In un post precedente criticavo alcune persone che si sono improvvisate scrittrici, e ora l'ho fatto anche io.
Le mie amiche vecchiarde del gruppo di supporto per i tumori hanno deciso di raccogliere storie di persone toccate dal tumore al seno. L'idea e' di pubblicare un libro da dare gratuitamente alle donne appena diagnosticate. Un libro che attraverso i racconti di chi ci e' gia' passato, dia un po' di speranza a chi sta attraversando quel brutto momento. Perche' si sa', quando stai male vuoi sentire solo di persone che erano nella tua situazione e ora stanno bene.
Visto che le persone con la voglia di scrivere erano ben poche, hanno chiesto anche a me di raccontare la mia storia, io ho avuto un NH Linfoma, quindi il mio racconto rimane un po' vago sulla tipologia del tumore.
Naturalmente, dopo aver messo il ditino su "send" e mandato la storia alla mia amica che si occupera' di editare il libro e i racconti, ho scoperto che lei di mestiere fa il professore di scrittura creativa. Ci conosciamo da tanto, trascorriamo ore a parlare di libri, e io ho sempre pensato che lei, ex suorina, insegnasse semplicemente inglese (ah, la mia abitudine a romanticizzare le vite altrui!) Bella figura di cacca, speriamo non mi bacchetti troppo.
Flirting with cancer
It was a typical early spring Georgia afternoon, it had started chilly and had slowly warmed up. The sun was shining. I went to answer the phone ringing in the background. It was my doctor’s nurse; she told me that he was trying to reach me.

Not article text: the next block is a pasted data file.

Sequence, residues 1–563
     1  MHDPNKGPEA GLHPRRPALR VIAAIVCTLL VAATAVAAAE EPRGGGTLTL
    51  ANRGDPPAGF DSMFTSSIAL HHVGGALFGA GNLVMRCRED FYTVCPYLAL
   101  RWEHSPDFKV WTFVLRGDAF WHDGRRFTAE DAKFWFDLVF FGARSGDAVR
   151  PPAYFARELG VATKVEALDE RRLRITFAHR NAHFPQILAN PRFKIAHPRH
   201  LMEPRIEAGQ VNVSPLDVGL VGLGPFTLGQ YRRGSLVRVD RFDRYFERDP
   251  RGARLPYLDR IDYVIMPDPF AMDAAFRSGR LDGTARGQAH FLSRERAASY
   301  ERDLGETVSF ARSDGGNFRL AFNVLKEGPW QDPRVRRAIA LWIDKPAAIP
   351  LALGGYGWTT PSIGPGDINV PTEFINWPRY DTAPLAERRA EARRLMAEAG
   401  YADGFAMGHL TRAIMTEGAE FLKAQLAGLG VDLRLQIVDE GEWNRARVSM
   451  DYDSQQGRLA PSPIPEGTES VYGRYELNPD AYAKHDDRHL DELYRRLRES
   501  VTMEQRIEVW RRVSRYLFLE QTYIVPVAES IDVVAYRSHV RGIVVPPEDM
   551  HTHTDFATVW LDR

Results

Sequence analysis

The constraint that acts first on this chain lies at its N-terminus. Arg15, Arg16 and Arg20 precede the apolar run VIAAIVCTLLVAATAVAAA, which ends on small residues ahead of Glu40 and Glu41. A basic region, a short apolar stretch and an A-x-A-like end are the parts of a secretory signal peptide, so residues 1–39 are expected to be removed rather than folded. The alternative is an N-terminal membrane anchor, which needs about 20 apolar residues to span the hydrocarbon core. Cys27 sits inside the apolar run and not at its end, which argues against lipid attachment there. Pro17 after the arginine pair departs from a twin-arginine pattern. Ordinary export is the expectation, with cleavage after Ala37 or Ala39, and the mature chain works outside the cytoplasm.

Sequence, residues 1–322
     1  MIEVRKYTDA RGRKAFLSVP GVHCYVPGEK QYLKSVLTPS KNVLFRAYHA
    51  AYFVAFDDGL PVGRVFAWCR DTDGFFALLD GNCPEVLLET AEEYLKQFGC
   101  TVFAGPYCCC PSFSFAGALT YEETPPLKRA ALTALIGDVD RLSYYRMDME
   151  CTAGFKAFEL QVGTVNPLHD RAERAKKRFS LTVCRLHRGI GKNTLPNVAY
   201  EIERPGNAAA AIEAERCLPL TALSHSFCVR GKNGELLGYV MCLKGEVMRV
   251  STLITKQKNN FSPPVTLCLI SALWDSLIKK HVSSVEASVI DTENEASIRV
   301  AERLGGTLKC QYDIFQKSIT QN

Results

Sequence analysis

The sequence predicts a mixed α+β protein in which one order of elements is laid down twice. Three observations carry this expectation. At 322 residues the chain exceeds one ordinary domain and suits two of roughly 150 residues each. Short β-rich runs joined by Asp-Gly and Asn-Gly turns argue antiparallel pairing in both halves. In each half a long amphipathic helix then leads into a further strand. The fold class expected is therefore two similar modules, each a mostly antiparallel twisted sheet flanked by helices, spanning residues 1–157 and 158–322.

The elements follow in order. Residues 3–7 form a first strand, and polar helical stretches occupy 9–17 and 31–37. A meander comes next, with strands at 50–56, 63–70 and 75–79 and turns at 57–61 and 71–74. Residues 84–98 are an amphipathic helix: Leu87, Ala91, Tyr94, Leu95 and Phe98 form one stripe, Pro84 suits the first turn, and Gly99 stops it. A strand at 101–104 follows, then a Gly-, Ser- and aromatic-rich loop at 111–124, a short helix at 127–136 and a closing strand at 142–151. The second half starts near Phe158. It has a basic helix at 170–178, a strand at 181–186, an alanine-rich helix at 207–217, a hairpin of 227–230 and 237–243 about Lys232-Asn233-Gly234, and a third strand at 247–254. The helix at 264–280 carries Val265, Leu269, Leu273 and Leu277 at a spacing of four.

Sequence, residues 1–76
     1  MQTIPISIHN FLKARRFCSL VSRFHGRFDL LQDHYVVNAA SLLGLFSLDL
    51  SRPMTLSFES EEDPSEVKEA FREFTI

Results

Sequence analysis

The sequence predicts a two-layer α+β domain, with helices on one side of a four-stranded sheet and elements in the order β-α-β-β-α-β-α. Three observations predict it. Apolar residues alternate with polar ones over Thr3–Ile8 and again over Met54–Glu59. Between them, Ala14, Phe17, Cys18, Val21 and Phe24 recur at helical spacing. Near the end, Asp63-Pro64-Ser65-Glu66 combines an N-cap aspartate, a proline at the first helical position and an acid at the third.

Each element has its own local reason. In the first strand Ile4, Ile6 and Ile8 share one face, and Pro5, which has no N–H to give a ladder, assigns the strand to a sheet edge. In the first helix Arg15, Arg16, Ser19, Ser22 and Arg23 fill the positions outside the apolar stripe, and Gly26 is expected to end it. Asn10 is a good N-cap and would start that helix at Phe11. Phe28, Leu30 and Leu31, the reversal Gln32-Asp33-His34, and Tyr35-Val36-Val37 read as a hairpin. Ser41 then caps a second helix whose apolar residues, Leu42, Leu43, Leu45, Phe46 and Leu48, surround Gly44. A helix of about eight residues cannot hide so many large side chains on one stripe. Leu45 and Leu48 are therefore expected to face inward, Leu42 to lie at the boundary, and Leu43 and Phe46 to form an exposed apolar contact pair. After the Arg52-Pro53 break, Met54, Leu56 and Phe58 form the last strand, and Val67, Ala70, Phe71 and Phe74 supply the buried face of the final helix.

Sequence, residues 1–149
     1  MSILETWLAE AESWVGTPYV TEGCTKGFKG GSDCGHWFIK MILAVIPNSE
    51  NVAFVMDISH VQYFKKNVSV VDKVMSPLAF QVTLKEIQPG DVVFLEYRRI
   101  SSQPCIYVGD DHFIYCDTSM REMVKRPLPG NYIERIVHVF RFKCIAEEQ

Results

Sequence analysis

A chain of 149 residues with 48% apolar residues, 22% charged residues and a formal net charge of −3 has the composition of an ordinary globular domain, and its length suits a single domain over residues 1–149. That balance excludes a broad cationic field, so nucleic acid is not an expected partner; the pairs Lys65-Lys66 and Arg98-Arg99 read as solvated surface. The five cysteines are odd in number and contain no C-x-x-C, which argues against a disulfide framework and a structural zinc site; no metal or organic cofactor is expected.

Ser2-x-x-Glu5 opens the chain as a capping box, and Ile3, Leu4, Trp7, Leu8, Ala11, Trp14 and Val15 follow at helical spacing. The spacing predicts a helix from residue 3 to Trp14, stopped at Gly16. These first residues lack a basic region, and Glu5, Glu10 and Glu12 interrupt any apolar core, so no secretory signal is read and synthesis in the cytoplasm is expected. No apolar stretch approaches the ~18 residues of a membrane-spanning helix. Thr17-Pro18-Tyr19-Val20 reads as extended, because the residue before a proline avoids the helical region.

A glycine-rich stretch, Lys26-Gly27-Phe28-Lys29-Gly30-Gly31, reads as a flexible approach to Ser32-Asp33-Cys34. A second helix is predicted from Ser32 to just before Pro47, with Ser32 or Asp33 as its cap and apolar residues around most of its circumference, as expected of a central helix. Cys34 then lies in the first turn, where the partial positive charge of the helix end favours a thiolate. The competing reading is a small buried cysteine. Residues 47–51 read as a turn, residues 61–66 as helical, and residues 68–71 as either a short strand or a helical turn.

The urgency in her voice sent a wave of panic to the pit of my stomach, when I got distracted by the sound of my cell phone. This time it was the doctor.
I knew that something must have been really wrong when I realized that he had called me by my first name, he was my doctor, not my friend.
“We have your biopsy results” he said. “Unfortunately it is cancer.”
The only thing I was able to say was “Are you kidding me?”
He said that, no, he was not kidding me. He went on to say that everything was going to be alright, and that he would have walked this path with me, holding my hand. In all honesty I have to say that I have never heard from him again.
I snapped the phone closed, regrouped, then I called my husband.
People talk about the various stages of grief, some say there are five stages, others talk about seven stages. Among those there’s shock, disbelief, denial, rage, bargain, depression, and acceptance. In my case shock and disbelief were tied to each other, and that state lasted only few minutes. It was closely followed by anger. Yes, I was mad, and that’s just to put it mildly, I was actually really pissed. I was so enraged that I didn’t even cry about what I had just found out.